1. Do a retrospective on your career so far. For each role, make a list of the things you liked — and what you didn't like.

    "This will give you insight into what you might want to do in the future and what you may want to avoid," Doody said. "Consider not just what you did in the role but also the team, management style, and even company culture and values."
  2. Figure out where you want to go — and identify any skills gaps you may have.

    Divide a piece of paper into three columns. In the first column, write down your current role and what skills/experience you have. In the third column, write down where you want to be. In the middle column, try to identify what might be stopping you from getting that role and any skills, experience or other factors you may need to get there.

    "This will give you a road map of what to focus on in the future," Doody said.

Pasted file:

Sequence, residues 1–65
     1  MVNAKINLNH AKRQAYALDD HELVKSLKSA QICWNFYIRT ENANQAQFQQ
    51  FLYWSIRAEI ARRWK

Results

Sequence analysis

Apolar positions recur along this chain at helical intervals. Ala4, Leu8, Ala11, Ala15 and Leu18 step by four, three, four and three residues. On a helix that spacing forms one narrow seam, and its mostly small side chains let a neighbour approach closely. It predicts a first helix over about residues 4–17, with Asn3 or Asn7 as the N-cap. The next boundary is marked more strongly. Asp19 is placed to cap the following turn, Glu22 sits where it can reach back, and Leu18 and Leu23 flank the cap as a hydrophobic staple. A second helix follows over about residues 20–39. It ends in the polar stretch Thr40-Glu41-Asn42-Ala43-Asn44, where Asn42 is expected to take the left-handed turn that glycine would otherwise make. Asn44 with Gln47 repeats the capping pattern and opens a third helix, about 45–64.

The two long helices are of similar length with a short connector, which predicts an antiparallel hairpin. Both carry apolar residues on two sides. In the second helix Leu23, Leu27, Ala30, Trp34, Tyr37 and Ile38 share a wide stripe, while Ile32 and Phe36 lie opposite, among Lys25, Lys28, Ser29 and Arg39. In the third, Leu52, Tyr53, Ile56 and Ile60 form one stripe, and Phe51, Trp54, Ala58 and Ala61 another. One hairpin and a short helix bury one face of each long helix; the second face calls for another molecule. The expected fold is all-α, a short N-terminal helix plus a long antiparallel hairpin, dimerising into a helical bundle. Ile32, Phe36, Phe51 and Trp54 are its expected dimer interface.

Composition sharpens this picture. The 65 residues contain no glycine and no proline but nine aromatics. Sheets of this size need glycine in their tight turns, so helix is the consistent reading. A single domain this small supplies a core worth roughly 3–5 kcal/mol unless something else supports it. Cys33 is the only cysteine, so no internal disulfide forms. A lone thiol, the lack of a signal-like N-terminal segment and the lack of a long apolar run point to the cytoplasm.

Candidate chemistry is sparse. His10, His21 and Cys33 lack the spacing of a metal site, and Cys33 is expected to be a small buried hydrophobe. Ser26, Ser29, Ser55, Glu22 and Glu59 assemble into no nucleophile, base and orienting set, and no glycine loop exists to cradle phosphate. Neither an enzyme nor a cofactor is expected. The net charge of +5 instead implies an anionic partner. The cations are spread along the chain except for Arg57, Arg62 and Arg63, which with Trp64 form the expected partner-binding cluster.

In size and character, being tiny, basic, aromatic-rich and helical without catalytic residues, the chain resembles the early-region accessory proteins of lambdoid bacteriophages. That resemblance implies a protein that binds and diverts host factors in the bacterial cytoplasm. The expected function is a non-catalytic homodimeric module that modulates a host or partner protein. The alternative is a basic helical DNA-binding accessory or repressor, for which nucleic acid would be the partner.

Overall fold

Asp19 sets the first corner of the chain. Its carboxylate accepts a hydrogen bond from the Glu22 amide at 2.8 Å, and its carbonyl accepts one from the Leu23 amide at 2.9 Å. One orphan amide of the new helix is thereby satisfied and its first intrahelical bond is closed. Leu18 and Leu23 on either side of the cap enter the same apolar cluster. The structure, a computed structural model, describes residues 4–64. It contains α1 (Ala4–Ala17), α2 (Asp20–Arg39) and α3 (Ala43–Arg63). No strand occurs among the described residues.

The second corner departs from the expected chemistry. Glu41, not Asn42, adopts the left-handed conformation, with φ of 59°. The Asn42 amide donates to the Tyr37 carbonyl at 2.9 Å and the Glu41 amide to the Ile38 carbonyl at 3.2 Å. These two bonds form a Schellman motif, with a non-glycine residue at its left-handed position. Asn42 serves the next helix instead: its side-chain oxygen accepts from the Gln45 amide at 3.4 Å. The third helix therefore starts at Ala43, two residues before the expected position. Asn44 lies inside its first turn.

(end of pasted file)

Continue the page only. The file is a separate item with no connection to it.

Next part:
The No. 1 habit that sets successful people apart from everyone else

When we're trying to get that job, get that promotion, be the best, our inclination is often to push, push, push. Go harder, faster, stronger than the next guy. Push past your limits.

While hard work is definitely important to achieving success, exertion is not what sets successful people apart from the rest of us, Sarah Sarkis, a psychologist and the senior director of performance psychology at Exos, told CNBC Make It.

It's recovery.

"We mistakenly associate success with constantly having our foot on the gas, and ... [w]e think we're lazy, unfocused or undisciplined" when we don't, said Sarkis, who works with NFL players, executives at Fortune 100 companies and other professionals who work in high-pressure environments.

The people who prioritize rest and recovery are the ones who are "at the top of their game" and "the happiest," Sarkis said.

So, if you're stuck — just take a minute and figure out where you're stuck. Is it this job? This company? Or do you think you just need to try something new altogether? Are you on the right ladder?

Once you get the answers, you can make a plan. And make sure that plan includes rest, exercise, meditation, a nap — whatever you need to do to recharge your battery and be at 100% for the next challenge.

— With reporting by Morgan Smith.